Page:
8. L. Hou, M. Haji, J. Akbar, B. C. Qiu, and A. C. Bryce, “Low divergence angle and low jitter 40 GHz AlGaInAs/InP 1.55 μm mode-locked lasers,” Opt. Lett. 36(6), 966–968 (2011). [CrossRef] [PubMed]

]. The FRL’s purpose is to pull the guided mode slightly into the lower cladding, which results in an increased mode size d (d: transverse spot size which is defined as the distance from the beam axis to the position where the amplitude of the optical field is 1/e times the amplitude at the beam axis) with a reduced overlap with the QWs (ΓQW), leading to less SPM and a reduction in waveguide dispersion. This also has the additional benefit of reducing the internal loss αin by pulling the mode away from the upper p-cladding layer and reducing the far-field divergence of the output beam. As the free-carrier absorption in the p-cladding layer is the main contributor to the internal optical losses in strain-compensated multiple quantum-well (SC-MQW) lasers [9

9. D. Garbuzov, L. Xu, S. R. Forrest, R. Menna, R. Martinelli, and J. C. Connolly, “1.5 μm wavelength, SCH-MOW InGaAsP/lnP broadened-waveguide laser diodes with low internal loss and high output power,” Electron. Lett. 32(18), 1717–1719 (1996). [CrossRef]

]. In addition, the use of the FRL eliminates the need for overgrowth, which is applicable to AlGaInAs/InP-based lasers, and the stringent fabrication tolerance as required for that of slab-coupled optical waveguide lasers (SCOWL) [10

10. J. J. Plant, J. T. Gopinath, B. Chann, D. J. Ripin, R. K. Huang, and P. W. Juodawlkis, “250 mW, 1.5µm monolithic passively mode-locked slab-coupled optical waveguide laser,” Opt. Lett. 31(2), 223–225 (2006). [CrossRef] [PubMed]

], so lasers can be fabricated as readily as conventional ridge waveguide devices.

In this work, we present a detailed discussion on the design and optimization of the FRL and calculate the associated internal loss which is in excellent agreement with the measured result. Furthermore, we extend the FRL concept from 40 to 10 GHz AlGaInAs/InP λ~1.55 μm passively MLLs, which in comparison has a longer cavity length that subsequently provides a lower threshold current density and lower associated spontaneous emission noise. In addition, the longer laser cavity results in a decrease of the spectral linewidth of each longitudinal mode [11

11. C. H. Henry, “Phase noise in semiconductor lasers,” J. Lightwave Technol. 4(3), 298–311 (1986). [CrossRef]

], and also enhances the four wave mixing process and associated phase correlation between modes through a reduced optical mode spacing [12

12. A. Shen, F. van Dijk, J. Renaudier, G. H. Duan, F. Lelarge, F. Pommereau, F. Poingt, L. Le Gouezigou, and O. Le Gouezigou, “Active mode-locking of quantum dot Fabry-Perot laser diode,” in IEEE 20th Int. Semiconductor Laser Conf. (2006), pp.153–154.

]. All these effects should lead to a further reduction of the RF linewidth during mode-locking operation of the 10 GHz MLL [13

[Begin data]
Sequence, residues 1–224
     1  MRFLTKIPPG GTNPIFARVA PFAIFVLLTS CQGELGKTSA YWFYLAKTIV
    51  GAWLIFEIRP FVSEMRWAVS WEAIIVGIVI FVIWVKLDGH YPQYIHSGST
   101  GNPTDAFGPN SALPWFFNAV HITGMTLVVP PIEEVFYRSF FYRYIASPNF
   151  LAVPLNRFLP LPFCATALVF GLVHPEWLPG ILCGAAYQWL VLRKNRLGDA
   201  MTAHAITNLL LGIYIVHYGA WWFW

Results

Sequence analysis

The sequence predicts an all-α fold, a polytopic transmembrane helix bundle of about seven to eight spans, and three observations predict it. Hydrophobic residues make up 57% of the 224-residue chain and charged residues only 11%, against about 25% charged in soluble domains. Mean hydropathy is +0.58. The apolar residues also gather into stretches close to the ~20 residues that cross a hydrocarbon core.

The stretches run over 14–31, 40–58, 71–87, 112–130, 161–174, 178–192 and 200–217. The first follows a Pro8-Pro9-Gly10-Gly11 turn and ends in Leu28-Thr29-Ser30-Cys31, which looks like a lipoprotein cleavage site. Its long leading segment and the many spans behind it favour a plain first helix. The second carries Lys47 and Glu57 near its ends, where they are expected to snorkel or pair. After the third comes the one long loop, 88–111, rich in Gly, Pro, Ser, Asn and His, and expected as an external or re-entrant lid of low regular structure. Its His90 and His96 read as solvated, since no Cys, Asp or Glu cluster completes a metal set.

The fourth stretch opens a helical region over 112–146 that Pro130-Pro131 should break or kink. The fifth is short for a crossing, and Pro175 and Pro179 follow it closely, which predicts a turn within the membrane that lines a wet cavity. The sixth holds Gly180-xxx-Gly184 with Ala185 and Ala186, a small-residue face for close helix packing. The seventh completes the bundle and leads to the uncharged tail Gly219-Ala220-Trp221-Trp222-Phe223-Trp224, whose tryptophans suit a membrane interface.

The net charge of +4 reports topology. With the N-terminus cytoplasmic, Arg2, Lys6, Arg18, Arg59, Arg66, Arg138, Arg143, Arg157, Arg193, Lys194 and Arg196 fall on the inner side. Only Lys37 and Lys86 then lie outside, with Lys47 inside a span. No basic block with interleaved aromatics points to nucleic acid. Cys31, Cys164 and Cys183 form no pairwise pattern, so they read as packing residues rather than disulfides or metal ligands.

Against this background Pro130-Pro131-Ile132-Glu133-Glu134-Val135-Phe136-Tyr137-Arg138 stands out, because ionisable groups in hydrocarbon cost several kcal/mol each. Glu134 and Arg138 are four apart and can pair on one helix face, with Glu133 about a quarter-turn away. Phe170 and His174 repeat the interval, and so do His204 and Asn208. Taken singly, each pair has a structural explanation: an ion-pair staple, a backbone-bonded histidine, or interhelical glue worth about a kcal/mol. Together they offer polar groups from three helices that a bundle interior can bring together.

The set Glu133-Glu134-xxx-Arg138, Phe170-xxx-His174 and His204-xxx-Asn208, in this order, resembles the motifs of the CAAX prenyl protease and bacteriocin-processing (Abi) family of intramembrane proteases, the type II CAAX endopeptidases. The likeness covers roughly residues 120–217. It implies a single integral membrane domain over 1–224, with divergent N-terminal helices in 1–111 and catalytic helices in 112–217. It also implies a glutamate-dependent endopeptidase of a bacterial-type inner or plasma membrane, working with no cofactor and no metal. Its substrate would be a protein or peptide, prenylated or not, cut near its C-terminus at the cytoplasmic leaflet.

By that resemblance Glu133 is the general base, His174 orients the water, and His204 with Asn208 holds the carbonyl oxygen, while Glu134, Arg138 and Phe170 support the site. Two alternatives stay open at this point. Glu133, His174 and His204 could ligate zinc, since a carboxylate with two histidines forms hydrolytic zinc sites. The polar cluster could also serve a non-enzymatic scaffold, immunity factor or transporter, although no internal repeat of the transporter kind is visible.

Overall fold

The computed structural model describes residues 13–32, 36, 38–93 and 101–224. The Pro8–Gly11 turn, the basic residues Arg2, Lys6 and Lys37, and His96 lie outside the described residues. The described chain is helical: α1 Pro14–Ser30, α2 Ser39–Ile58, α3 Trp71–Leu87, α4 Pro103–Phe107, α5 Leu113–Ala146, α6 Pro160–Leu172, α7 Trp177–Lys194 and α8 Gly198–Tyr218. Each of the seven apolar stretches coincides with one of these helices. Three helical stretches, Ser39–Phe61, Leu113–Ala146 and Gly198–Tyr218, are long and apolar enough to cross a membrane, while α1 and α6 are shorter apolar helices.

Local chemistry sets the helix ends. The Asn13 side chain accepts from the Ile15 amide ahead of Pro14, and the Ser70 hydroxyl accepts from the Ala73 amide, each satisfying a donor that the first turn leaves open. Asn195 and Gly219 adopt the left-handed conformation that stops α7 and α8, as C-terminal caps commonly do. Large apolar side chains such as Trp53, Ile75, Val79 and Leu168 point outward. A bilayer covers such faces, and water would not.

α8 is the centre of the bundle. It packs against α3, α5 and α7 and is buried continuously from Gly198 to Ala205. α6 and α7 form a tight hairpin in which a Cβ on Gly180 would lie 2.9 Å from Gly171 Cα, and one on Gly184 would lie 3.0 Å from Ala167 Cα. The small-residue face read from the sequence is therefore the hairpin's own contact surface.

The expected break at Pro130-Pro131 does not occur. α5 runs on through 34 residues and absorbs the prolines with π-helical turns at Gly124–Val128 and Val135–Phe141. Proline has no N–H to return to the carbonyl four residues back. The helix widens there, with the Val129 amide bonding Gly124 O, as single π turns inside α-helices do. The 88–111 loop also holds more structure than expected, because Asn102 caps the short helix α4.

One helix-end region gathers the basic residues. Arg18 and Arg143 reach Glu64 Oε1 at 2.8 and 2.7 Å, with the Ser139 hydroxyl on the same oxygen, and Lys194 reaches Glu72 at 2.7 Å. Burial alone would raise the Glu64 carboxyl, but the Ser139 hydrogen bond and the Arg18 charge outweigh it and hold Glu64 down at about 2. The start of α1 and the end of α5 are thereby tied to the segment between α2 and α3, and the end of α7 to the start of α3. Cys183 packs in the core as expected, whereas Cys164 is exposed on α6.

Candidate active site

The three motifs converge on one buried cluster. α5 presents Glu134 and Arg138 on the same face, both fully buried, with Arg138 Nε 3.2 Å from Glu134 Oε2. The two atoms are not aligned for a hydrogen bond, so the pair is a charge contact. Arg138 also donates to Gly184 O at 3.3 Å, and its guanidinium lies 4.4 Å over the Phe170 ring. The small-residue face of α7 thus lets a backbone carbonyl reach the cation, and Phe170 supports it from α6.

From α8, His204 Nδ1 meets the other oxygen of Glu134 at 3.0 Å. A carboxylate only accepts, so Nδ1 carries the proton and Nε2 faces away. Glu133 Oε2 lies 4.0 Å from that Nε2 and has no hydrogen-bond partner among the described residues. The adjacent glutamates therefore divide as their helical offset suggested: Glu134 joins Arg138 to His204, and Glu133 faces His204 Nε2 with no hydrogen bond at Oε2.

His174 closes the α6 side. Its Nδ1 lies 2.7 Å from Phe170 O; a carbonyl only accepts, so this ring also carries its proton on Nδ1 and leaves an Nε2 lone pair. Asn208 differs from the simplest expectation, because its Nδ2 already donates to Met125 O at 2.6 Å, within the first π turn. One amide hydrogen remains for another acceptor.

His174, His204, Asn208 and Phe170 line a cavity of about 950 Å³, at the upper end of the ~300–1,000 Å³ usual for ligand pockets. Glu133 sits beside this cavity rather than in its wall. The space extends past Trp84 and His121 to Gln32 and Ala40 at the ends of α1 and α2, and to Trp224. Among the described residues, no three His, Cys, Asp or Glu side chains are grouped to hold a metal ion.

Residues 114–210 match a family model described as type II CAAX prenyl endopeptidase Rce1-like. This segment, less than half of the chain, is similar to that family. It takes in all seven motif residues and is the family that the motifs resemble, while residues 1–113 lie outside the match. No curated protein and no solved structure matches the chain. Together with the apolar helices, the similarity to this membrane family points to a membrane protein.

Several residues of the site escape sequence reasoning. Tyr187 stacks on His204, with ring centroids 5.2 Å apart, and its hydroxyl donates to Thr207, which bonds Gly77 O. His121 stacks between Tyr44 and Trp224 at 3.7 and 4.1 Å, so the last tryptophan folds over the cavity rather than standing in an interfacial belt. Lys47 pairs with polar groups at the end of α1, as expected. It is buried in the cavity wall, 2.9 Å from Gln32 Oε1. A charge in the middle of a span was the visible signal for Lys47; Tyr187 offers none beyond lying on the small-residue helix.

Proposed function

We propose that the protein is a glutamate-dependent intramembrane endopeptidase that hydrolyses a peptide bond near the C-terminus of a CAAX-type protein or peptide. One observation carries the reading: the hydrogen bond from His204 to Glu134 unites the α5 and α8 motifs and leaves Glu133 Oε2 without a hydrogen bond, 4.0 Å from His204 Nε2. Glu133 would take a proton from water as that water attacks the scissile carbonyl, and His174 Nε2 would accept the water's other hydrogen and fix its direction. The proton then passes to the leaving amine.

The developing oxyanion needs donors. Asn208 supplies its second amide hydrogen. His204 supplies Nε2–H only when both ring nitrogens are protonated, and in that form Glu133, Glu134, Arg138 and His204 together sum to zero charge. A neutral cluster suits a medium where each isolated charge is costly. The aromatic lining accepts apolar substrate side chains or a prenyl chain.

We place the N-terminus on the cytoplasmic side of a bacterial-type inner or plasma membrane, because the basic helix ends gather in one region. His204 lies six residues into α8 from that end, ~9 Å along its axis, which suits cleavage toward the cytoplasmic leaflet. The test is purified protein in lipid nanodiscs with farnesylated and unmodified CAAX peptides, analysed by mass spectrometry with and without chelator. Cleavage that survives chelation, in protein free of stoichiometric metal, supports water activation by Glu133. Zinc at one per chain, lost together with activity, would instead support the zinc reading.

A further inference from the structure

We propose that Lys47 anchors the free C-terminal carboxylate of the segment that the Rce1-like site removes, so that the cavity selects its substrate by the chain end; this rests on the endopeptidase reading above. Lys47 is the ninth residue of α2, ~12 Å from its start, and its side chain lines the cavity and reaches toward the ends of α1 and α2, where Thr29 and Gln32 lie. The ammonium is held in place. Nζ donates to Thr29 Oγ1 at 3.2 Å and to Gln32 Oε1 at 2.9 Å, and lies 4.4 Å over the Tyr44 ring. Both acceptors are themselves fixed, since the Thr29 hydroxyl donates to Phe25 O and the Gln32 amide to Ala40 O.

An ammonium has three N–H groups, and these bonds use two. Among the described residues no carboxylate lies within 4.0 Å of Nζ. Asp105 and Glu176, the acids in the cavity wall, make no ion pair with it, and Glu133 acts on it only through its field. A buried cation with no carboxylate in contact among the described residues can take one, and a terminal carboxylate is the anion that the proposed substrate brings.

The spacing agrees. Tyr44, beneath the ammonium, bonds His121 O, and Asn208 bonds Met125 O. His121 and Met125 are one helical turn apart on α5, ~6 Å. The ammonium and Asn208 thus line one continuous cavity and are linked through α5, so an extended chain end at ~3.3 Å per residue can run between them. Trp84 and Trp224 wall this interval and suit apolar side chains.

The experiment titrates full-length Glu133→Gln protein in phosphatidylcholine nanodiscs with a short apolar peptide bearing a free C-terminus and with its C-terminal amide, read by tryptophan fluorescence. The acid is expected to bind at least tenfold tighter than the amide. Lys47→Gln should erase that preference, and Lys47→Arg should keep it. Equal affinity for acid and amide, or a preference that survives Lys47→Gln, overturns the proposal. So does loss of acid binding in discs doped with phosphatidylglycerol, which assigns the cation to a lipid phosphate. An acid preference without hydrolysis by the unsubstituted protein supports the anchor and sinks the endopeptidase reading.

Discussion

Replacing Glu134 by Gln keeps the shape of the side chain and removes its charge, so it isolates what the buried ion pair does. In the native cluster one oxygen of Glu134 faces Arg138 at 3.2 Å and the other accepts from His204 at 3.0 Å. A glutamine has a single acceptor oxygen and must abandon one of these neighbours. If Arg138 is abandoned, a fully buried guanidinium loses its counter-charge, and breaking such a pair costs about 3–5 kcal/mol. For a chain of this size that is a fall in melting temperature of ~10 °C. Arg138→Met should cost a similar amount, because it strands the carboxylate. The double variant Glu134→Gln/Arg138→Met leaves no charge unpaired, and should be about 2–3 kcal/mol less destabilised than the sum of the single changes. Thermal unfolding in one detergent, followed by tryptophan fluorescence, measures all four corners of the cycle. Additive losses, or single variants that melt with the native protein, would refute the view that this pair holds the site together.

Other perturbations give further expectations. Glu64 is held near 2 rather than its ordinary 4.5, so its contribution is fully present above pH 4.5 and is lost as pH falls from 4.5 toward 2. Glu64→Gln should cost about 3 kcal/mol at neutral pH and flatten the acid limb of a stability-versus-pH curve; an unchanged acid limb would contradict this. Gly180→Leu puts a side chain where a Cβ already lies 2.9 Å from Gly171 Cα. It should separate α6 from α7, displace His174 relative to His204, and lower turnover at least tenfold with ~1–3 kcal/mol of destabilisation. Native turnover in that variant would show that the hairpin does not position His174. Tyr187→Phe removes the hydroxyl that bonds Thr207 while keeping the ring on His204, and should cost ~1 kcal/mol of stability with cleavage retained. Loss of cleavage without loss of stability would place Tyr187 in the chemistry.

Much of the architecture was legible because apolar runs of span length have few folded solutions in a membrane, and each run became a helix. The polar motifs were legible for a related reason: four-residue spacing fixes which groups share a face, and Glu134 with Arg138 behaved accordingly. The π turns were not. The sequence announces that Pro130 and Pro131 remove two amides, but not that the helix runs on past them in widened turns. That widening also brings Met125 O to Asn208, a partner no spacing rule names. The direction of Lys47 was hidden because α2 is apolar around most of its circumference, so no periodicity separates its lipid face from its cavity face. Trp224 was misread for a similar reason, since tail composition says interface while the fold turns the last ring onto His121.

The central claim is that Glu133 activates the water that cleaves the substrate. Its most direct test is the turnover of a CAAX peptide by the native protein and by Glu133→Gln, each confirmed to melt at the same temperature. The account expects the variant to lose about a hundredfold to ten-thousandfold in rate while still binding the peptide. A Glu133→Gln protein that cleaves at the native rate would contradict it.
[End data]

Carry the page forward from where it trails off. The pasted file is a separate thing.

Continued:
13. I. Kim and K. Y. Lau, “Frequency and timing stability of mode-locked semiconductor lasers-passive and active mode locking up to millimeter wave frequencies,” IEEE J. Quantum Electron. 29(4), 1081–1090 (1993). [CrossRef]

]. Using a MLL with a 10 GHz repetition frequency, we achieve a RF linewidth reduction of as little as 2 kHz and a corresponding timing jitter of 194 fs (4-80 MHz), which is to the best of our knowledge, the best results to date for passive QW MLLs.

2. Epilayer structure

Figure 1(a)
Fig. 1 (a) simulated effective index (neff) and (b) the overlap with the QWs as a function of FRL thickness for the different transverse mode.
shows the simulated effective index (neff) as a function of the FRL thickness for different spacer thicknesses (from 1.0 μm to 0.25 μm with a step of −0.25 μm) with their cut-off thickness for the second order mode, i.e., m = 2 at 0.11, 0.17, 0.29, and 0.52 μm correspondingly. For all the spacer cases, it was shown that as the FRL thickness increased, the ΓQW at m = 0 is dramatically decreased and the corresponding ΓQW at m = 1 is increased (Fig. 1(b)). For the first 3 cases, the fundamental and first order guided modes are shown in Fig. 2
Fig. 2 The optical intensity through the epilayer structure for various FRL configurations: (a) 0.11 μm FRL, 1.0 μm spacer, (b) 0.16 μm FRL, 0.75 μm spacer, and (c) 0.29 μm FRL, 0.50 μm spacer.
. It can be seen that as the FRL is widened and moved closer to the QW layer, the fundamental mode is widened and pulled into the lower cladding layer, thus reducing the overlap with the p-cladding layer. This reduces the losses resulting from free carrier absorption, because the absorption due to holes is higher than that due to electrons. If the FRL is too thin, the fundamental transverse mode size is increased by very little (Fig. 2(a)). However, if the FRL structure is made too thick, an unfavourable amount of the fundamental mode moves into the FRL, which considerably reduces the ΓQW value of the fundamental mode. Also, the first order mode is affected by the FRL in some structures leading to a significant overlap of the first order mode with the QWs (Fig. 2(c)) and results in a multi-mode output. Table 1

Table 1. Calculated Parameters of the Structures Simulated in Fig. 1

table-icon
View This Table